Making Dreams Come True ... By Killing Them Softly: A Confab Story

In our last episode, we left our heroine at a crossroads … WOULD HER CONFAB PROPOSAL BE ACCEPTED?

The answer, happily: YES!

Confab website showing Speakers tab and my picture

My talk is called Killing Dreams Softly: Managing Difficult Stakeholder Conversations, and you can read the full description at the link. I’ll give you the one-sentence summary I composed for the proposal, which may be one of my favorite sentences ever:

You *can* actually refuse a stakeholder’s requests, and even kill their dream about the homepage content, yet at the same time build a closer and more productive relationship with them.

BOOM. So now it’s just, you know, putting this talk together and not exploding from excitement and nervousness between now and April 25/26. Eep.

As I mentioned in my last post, Confab is such a standout conference – the speakers, the topics, the attendees, the Confab Events staff – that having my proposal accepted really feels like an honor and like a true accomplishment. And, nothing wrong with library conferences, but being able to take the stage at an event that draws people from such a wide variety of organizations – industry, higher ed, independent consultants – feels like a validation of my chops in the content strategy & UX community of practice, writ broad.

In the interest of being authentic, let me share a little about how we got to here. After a couple of short presentations to Chicago librarian group gatherings about a year into my career, I didn’t get another invitation to speak until 2007 – so, seven years into my career. Then in 2010 (that’s a decade in) I co-authored my first book [1] and got some invitations, which boosted my confidence enough that I started submitting more proposals. After my second book was published, the good people at the Library Technology Conference took a chance on me and asked me to be the opening keynote for their 2015 event. So my career was basically a student driver before that happened.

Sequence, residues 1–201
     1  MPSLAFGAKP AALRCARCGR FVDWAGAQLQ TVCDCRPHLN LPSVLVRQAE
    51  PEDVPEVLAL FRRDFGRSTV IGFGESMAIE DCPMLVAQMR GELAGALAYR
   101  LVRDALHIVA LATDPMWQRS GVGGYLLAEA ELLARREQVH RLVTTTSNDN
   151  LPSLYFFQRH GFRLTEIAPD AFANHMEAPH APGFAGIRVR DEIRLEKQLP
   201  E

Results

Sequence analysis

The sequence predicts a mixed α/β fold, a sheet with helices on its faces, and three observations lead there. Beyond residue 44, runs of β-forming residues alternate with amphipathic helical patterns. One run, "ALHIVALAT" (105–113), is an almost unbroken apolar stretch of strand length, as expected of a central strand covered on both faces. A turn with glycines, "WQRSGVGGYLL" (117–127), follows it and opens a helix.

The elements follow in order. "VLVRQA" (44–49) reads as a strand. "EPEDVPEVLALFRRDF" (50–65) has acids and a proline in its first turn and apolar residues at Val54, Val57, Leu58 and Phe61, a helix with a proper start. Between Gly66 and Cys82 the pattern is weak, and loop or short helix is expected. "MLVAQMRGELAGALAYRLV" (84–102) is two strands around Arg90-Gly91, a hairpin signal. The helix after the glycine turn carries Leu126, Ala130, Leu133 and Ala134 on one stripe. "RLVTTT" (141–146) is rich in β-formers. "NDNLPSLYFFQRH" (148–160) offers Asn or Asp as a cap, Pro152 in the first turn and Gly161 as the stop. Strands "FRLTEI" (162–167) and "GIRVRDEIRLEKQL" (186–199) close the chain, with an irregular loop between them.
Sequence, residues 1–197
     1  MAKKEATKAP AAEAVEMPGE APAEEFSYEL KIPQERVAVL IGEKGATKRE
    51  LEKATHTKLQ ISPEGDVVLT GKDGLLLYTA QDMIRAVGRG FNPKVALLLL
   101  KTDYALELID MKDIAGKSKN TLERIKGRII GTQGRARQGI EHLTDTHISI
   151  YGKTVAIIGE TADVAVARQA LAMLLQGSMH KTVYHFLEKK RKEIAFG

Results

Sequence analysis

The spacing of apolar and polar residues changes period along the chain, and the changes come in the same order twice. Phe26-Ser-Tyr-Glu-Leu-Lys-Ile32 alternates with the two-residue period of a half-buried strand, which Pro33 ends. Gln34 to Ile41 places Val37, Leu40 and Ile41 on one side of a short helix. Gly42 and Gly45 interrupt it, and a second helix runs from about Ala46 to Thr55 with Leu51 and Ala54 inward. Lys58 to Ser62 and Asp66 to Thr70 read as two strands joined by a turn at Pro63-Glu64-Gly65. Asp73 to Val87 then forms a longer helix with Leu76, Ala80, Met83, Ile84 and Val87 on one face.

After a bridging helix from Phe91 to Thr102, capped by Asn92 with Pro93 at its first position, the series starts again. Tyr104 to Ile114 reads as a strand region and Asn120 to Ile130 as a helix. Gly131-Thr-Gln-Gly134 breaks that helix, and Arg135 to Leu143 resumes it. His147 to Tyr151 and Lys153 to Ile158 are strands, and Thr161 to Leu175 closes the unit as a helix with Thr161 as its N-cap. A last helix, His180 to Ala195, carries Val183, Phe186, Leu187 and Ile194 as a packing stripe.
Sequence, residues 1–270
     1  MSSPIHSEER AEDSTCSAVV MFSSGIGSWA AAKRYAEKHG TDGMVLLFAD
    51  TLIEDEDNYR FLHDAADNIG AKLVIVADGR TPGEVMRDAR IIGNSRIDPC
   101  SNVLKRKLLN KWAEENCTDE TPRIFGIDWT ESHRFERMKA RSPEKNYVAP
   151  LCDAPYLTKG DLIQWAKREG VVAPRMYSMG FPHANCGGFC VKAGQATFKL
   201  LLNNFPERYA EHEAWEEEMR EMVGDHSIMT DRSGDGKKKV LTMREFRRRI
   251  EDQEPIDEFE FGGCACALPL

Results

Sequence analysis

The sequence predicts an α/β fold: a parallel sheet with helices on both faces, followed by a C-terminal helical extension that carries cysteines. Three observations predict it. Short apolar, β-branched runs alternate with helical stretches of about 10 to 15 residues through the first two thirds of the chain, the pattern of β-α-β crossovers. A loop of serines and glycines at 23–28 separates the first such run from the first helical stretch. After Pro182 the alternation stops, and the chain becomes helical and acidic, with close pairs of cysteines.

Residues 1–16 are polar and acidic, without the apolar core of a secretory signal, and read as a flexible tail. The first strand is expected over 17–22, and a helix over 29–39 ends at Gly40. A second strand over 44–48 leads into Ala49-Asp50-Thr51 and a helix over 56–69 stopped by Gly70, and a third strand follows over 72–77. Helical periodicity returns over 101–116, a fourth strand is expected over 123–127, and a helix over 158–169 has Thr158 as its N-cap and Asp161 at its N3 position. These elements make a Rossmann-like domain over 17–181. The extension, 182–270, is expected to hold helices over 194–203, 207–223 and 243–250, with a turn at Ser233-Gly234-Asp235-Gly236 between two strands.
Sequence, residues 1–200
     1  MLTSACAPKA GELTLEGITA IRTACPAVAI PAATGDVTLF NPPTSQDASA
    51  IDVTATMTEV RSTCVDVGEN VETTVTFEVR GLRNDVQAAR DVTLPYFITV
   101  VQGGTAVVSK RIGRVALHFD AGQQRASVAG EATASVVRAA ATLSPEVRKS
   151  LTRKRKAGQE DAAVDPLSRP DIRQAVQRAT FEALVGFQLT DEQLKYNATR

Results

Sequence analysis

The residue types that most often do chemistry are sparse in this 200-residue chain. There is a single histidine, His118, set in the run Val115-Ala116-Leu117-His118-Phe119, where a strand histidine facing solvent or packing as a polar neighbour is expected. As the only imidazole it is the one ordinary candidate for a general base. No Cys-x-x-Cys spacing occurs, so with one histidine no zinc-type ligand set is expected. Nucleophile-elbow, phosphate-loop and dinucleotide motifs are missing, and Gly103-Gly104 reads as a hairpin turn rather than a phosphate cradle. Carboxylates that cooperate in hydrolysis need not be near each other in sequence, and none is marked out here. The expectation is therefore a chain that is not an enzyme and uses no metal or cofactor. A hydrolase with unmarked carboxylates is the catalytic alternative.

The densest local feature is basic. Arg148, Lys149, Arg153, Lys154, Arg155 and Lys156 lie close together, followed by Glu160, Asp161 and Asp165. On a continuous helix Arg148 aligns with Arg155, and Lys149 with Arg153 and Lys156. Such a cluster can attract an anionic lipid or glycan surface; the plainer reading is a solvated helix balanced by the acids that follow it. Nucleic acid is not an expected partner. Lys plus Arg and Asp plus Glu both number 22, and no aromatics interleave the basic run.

All of that to say – don’t get downcast if “it” is not happening for you as quickly as you think it should. Keep doing great work, keep sending proposals, keep taking notes on techniques & practices of effective speakers, keep your optimism – and, to me the most important: keep lifting other people up and repping them when you do have opportunities to recommend or suggest names for talks. As I’ve noted, for a good stretch of years earlier in my career, I watched a lot of people with similar or even lesser experience get invitations while my inbox figuratively grew cobwebs and at first, I felt sort of downcast – just being honest! Over time I’ve realized each voice brings something to the conversation, and there’s always room for one more seat at the table. It’s been so important (and life-giving) to learn to operate from an perspective of abundance rather than from an assumption of scarcity. I often say to myself, “Well, maybe tomorrow’s the day for [whatever it is I’m striving toward].” PS – This works for non-work, too.

I still feel sort of shocked every time I get an invitation – if you’ve seen Sixteen Candles, the part where Molly Ringwald’s character looks around for the other person that she’s just sure her crush is waving to … that’s the idea.

Sixteen Candles movie still - Jake Ryan character in front of red Ferrari waving 'Yeah You'

When I got the email notifying me that my proposal had been accepted and asking me if I could keep it under my hat until the official announcement was made (two agonizingly long weeks ago…) I actually jumped up from my chair and ran around the outer office suite twice before I could even reply.

After texting my husband and my mom (#priorities) the very next person I swore to secrecy was my friend and former colleague, Anne Haines. I want to take a moment here and thank Anne for her encouragement, support, and editing skills – I can’t even put a number on how many times she’s been the recipient of half-baked ideas, dashed-off emails, early drafts, middle drafts, later drafts, final drafts, final final drafts, contextless sentences pasted into IM … inevitably greeting them with her wonderfully consistent good humor, great editing, excellent advice, and horrible puns – in other words, a very particular set of skills.

When you have a very particular set of skills

Anne, you’re the best. I would not have submitted this proposal without your encouragement.

[1] You can get a used copy for a DOLLAR. I’m not sure why but this makes me feel more like a real author than I have ever felt.